Groundwater Conservation District (PGCD) conducts
cloud seeding operations to augment groundwater recharge over the Ogallala Aquifer.
This is a target area of nearly 4.1 million acres in the eastern sector of the Texas Panhandle, which allows access to cloud systems moving out of Oklahoma.
In the U.S., cloud seeding is increasingly accepted as an effective method of providing relief in drought-stricken states such as Arizona, California, Colorado, Idaho, New Mexico, Utah and Wyoming. To help supplement the Texas water supply, some areas of the state are using periodic cloud seeding attempts to increase rainfall.
|CURRENT TEXAS |
CLOUD SEEDING PROJECTS
|APPROXIMATE LOCATION||APPROXIMATE SIZE
| WEST TEXAS WEATHER|
AND SAN ANGELO
| SOUTH TEXAS WEATHER|
|BETWEEN THE EDWARDS PLATEAU|
AND THE COASTAL BEND
| TRANS PECOS WEATHER
|ALONG AND WEST OF|
THE PECOS RIVER
| PANHANDLE GROUNDWATER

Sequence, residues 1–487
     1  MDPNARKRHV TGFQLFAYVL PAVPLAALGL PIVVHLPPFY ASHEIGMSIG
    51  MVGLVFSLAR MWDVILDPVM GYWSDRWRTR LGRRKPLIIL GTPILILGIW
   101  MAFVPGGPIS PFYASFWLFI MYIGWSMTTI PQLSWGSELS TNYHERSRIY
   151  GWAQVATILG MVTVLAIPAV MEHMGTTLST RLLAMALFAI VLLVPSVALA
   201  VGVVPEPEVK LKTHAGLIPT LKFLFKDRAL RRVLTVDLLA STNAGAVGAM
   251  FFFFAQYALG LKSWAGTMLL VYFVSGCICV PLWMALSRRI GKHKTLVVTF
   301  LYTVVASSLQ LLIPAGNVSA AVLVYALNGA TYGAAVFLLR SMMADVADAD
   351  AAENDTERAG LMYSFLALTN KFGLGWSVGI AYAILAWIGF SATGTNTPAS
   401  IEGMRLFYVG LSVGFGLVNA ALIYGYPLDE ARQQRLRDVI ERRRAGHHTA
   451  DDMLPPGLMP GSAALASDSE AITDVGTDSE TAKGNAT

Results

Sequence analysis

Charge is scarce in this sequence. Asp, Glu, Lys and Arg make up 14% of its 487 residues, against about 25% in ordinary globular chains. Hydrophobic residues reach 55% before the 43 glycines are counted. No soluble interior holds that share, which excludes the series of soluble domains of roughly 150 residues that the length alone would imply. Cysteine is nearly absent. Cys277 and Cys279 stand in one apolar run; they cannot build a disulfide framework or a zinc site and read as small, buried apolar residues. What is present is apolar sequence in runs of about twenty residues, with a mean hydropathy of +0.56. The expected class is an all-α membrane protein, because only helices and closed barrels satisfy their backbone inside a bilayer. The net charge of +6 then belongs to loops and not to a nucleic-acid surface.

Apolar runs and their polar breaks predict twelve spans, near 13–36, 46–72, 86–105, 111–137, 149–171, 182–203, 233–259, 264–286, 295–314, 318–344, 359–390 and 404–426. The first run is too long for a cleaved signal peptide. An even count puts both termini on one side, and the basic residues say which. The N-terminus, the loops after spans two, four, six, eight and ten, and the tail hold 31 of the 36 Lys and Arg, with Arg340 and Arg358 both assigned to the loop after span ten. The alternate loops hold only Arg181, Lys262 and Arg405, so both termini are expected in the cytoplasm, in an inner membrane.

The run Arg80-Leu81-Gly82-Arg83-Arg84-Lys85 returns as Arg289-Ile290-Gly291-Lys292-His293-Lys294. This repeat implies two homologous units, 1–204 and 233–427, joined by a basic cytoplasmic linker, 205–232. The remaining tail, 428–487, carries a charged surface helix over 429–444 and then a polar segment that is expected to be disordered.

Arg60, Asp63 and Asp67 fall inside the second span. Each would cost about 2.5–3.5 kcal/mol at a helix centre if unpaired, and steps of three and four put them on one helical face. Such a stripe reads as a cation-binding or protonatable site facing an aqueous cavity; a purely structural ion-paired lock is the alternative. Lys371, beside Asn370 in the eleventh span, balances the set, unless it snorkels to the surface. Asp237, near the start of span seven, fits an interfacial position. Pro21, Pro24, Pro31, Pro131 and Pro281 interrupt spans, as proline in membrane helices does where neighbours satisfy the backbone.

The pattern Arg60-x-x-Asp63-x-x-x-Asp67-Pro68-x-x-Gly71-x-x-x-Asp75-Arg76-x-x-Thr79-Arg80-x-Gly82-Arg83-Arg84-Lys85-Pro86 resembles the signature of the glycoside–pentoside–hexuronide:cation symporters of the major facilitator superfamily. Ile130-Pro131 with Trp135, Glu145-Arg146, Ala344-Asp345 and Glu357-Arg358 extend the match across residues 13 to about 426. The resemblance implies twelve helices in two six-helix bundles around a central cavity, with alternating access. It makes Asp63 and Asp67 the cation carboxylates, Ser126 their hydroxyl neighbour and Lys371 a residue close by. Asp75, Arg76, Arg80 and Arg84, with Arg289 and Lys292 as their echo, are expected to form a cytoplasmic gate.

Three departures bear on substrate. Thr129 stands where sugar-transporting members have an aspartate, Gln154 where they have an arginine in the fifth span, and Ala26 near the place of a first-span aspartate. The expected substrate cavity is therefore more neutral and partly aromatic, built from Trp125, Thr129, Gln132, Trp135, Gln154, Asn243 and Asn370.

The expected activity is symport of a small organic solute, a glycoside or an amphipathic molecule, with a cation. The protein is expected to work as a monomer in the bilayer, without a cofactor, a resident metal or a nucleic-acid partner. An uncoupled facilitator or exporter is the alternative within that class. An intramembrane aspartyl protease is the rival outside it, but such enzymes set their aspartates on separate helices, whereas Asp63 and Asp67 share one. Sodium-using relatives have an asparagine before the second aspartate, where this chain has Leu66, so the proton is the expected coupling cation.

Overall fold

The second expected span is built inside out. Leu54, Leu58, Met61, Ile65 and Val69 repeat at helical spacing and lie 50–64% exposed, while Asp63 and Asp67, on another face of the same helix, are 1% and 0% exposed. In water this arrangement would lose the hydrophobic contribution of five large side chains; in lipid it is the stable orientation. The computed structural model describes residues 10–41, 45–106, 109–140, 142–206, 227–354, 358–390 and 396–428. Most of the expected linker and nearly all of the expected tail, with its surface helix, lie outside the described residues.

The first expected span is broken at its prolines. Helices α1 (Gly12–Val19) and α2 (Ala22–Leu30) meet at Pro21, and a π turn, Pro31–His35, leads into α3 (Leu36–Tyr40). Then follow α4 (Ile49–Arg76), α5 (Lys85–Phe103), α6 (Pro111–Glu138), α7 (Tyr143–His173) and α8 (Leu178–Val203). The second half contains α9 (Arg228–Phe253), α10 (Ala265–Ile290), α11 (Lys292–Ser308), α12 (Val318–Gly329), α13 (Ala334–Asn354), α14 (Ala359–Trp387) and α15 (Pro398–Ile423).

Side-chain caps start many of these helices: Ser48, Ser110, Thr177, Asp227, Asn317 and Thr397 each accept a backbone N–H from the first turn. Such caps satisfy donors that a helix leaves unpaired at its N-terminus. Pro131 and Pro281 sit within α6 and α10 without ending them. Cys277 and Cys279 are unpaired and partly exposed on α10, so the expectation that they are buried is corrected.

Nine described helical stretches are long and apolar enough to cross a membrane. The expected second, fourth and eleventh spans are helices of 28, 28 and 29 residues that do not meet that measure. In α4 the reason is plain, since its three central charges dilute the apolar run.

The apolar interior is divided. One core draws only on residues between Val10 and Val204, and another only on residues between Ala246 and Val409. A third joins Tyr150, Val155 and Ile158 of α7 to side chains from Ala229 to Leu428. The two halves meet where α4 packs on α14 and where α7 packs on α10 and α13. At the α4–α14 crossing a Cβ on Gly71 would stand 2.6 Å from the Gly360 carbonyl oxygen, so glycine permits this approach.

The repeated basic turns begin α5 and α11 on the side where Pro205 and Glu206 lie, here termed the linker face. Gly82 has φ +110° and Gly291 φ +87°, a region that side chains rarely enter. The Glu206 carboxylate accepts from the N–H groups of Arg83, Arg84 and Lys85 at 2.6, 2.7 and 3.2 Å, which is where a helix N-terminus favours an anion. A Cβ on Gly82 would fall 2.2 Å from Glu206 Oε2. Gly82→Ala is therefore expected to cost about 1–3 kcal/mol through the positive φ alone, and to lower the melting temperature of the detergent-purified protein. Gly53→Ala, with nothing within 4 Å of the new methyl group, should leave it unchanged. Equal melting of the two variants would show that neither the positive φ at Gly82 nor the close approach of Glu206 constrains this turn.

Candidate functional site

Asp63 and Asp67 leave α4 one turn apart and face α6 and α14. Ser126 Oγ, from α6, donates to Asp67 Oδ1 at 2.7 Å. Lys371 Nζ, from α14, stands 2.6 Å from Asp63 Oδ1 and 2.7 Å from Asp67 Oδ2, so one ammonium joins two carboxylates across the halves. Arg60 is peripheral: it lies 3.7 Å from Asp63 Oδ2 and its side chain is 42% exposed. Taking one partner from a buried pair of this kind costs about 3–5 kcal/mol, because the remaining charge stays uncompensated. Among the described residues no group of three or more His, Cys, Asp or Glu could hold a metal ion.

|EASTERN SECTION OF THE|
|ROLLING PLAINS WATER
|FROM ABILENE EAST TOWARD|
THE RED RIVER VALLEY
Most efforts to produce additional rainfall using cloud seeding in Texas occur under the following criteria:
The Texas Department of Licensing and Regulation issues licenses and permits for cloud seeding through its Weather Modification Program.
According to the World Meteorological Organization, cloud seeding may increase precipitation between 10 percent and 30 percent. On its own, cloud seeding is not a major source of new water in Texas, but it is one of many water management strategies that help ensure enough water is available for future needs. The 2022 State Water Plan recommends that cloud seeding provide about 5,000 acre-feet of water per year for irrigation users by 2070 — about 1 percent of the total recommended strategy supplies in that year.
This is one in a series of reports the Comptroller has prepared on water in Texas.
Texas Comptroller of Public Accounts
If you have any questions or concerns regarding the material on this page, please contact the Comptroller’s Data Analysis and Transparency Division.